A Copywriter’s Blog

Nothing would make me happier than if Facebook suddenly became the new MySpace. But with over 750 million users, even that best case scenario won’t happen until my children’s children have dropped social networks altogether in favor of Direct-Emotional-Psychic-Feedback-9000 implants.

So here’s what I think will happen before then.

My bet is that Facebook will remain the social network of high-school and college students the world over. Because, if you think about it, Facebook is tailor-made for self-absorbed narcissists.

In Facebook, everything you do is public. Every update is basically you standing on top of a building with a bullhorn, shouting out whatever crosses your mind to everyone you’ve ever met. Even the act of you posting on someone else’s wall is just you saying “I’m talking to this person, but I’m doing it really loudly so you can all hear what I’m saying and comment on it if you want”.

Which is why I think that Google+ will become the new standard for post-college people. With Circles each post is like you walking into a room, seeing who’s there, and going “Here’s something I think you guys might like.” Which is the sort of functionality that could be useful to someone who has to keep their “work friends” separate from their “sorry-I-puked-on-your-cat-last-weekend friends”.

Or, in other words, this.

Google+ ProTip:
People keep asking me why there’s no way to message someone directly on Google+. There is. It’s called email. I know. That blew my mind too.

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Obligatory Super Bowl Ad Post Ben Levy 7, February

I had a whole post ready to go so that I wouldn’t have to worry about it after watching the ads during the super bowl. And then I realized: I clearly have to post about the ads that ran during the super bowl. Oh well. Here we go:

Things I do not want to see in next year’s Super Bowl:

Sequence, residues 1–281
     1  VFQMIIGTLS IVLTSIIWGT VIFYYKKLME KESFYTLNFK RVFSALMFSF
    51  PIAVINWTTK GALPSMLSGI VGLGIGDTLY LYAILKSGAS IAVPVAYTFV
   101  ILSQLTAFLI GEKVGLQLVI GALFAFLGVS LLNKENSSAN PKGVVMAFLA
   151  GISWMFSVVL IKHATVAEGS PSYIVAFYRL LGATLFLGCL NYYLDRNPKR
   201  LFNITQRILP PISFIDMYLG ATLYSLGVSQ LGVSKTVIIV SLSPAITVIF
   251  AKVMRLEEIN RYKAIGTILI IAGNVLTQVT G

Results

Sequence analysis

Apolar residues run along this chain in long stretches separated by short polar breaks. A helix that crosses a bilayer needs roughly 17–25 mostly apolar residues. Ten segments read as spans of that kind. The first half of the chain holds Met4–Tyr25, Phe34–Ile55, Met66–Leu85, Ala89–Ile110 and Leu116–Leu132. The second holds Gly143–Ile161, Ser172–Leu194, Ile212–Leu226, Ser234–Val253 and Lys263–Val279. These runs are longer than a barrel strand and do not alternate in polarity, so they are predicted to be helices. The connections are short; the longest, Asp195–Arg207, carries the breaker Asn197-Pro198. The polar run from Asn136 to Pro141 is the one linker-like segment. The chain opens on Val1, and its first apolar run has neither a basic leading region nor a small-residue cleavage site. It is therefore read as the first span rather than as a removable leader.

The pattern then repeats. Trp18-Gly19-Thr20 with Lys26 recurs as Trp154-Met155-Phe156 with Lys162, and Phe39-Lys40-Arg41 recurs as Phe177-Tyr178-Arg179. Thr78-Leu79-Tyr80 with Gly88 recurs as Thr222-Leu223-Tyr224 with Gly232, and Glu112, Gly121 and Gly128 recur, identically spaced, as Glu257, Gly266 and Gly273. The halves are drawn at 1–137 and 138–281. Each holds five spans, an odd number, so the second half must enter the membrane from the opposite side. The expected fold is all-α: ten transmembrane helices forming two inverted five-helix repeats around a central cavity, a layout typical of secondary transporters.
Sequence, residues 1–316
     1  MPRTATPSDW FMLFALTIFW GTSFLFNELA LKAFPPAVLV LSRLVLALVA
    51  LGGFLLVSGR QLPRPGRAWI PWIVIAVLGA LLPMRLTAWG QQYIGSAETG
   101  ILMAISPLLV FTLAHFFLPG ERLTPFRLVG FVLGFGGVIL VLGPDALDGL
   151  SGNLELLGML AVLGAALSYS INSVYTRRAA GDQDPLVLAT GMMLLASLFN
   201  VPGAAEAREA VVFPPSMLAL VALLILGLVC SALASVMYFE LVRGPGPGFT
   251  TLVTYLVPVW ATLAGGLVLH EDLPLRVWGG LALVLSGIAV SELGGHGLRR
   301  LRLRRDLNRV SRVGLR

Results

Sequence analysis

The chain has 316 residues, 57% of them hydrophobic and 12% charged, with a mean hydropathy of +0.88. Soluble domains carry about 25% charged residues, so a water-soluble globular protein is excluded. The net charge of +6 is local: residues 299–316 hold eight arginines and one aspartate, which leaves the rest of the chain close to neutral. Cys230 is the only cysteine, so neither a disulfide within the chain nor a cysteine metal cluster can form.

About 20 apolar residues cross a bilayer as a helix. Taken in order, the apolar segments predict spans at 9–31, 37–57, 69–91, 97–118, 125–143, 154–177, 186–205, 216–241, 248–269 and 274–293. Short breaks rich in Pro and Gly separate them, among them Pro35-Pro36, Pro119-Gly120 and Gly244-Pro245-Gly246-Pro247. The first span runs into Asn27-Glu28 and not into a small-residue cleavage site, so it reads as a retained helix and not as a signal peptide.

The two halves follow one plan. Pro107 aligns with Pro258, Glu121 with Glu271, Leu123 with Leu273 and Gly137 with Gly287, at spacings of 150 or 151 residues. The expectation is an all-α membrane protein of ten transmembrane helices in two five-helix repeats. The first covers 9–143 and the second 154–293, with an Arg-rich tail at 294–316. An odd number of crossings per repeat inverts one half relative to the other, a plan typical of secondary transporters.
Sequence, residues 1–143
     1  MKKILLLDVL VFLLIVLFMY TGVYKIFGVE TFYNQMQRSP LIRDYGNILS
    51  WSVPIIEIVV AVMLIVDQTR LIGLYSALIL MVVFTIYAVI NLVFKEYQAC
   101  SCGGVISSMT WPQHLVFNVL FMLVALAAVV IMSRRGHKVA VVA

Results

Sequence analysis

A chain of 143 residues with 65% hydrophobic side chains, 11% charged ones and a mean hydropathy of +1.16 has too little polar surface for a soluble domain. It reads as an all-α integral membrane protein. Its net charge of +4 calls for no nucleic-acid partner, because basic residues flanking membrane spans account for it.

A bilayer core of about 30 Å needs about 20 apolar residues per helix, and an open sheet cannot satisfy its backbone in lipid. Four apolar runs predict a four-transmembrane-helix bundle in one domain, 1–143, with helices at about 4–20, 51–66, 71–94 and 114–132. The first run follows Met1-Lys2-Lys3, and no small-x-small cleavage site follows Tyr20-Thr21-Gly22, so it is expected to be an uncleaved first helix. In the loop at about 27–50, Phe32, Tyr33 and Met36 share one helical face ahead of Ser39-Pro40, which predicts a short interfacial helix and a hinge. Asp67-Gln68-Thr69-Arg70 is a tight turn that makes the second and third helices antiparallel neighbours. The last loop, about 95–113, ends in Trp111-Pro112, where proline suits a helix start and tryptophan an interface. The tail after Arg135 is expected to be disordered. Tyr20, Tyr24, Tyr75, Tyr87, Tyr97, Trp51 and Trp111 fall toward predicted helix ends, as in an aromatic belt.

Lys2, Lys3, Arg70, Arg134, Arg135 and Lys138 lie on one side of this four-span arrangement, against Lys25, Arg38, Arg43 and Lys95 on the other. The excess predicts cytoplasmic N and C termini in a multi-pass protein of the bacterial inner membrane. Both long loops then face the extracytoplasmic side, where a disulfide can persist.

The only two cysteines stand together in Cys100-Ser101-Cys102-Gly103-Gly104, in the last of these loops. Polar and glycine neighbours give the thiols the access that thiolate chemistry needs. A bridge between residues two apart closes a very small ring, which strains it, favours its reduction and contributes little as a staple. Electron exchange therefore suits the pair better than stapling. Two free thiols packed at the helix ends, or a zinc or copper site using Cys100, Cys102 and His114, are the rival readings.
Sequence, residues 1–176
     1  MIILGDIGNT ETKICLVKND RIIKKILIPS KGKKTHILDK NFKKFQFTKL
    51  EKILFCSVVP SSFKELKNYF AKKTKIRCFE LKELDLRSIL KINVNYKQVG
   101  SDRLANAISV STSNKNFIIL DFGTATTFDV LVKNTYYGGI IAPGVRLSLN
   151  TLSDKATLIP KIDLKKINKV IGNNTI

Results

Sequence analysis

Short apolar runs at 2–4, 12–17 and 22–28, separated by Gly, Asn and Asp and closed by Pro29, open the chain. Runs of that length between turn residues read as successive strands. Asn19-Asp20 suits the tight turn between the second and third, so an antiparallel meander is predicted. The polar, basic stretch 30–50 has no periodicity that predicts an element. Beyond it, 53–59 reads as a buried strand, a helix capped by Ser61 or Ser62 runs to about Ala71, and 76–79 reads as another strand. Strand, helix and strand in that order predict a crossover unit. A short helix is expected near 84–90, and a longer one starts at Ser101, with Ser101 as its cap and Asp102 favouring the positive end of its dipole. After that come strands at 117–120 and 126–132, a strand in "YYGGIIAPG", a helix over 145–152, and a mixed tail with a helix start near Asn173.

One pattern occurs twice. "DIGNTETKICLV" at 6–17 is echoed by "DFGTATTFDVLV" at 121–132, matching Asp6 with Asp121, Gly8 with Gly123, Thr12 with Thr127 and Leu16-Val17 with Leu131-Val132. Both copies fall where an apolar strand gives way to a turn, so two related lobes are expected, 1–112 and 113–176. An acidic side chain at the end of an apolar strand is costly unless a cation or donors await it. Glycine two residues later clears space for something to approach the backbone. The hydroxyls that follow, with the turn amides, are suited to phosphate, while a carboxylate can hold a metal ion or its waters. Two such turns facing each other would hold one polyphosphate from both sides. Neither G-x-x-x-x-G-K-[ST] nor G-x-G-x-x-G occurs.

Talking babies. (E*Trade)
It was cute at first. It was. But we have YouTube now. And you are essentially a YouTube meme that has run it’s course. Stop now and I won’t have to make fun of you as badly as the others on this list.

Clydesdale (Budweiser)
You’re done. It’s been a good run, but I think you’ve run this campaign into the ground. It’s gone lame. Stop beating it. Your ads hurt more than these cliches.)

I hate you. I have always hated you. You have never given me a single reason to not hate you. I will continue to use you for hosting. Please understand that this is IN SPITE of your shitty, misogynistic, ads. May the people responsible be caught by angry feminists during their time of the month.

More of this please:

I seem to be one of the few people on the planet who was aware of this campaign before tonight. It wasn’t new, but it was great. And one of the few ads with great writing (more on that later).

Your commercials are utterly retarded. Completely stupid. Infinitely infantile. And I laughed at almost all of them. Don’t ever change.

At least a few of your spots were UGC (User Generated Content, for those of you who aren’t in the biz). That’s a powerful thing, because it meant that once you picked it, it was done. Your corporate office couldn’t come in later and alter a line, add a scene, re-shoot the whole thing. What you pick is what you get, and I think that makes your Super Bowl spots better than a lot of the others. That doesn’t mean you should chuck your entire ad staff and just have consumers produce your ads. It does mean you should let your ad agencies create an entertaining spot and then get the hell out of the way so they can do their job.

The Dorito Gym Ninja was possibly my favorite this year. Because it was just fun. I think most of the Super Bowl spots are suffering from taking themselves too seriously. Any spot where someone gets a snack chip shuriken to the neck is clearly above such problems.

In Closing
Overall, this year’s offering was pretty crappy. Particularly from a copy standpoint. A few spots had good writing- Dodge Charger, Emerald Nuts/Pop Secret- but this is the Super Bowl. They should have had great writing. And much, much better tag lines.

Listen corporate overlords: it is not enough for your Super Bowl spot to be in the Super Bowl. Things are harder now. The stakes have been raised. You’re competing with YouTube. Just because you spent a hojillion dollars and sacrificed three virgins to a two-headed goat in order to get your media buy does not mean it’s automatically a great ad. It also has to NOT SUCK. The Doritos Ninja was like a 30-second comedy bit. The Google spot was essentially a tiny movie. They weren’t just ads. They were entertainment. That’s what you all need to be.

What I want for next year is less suck. More sense. Better writing. Get on it.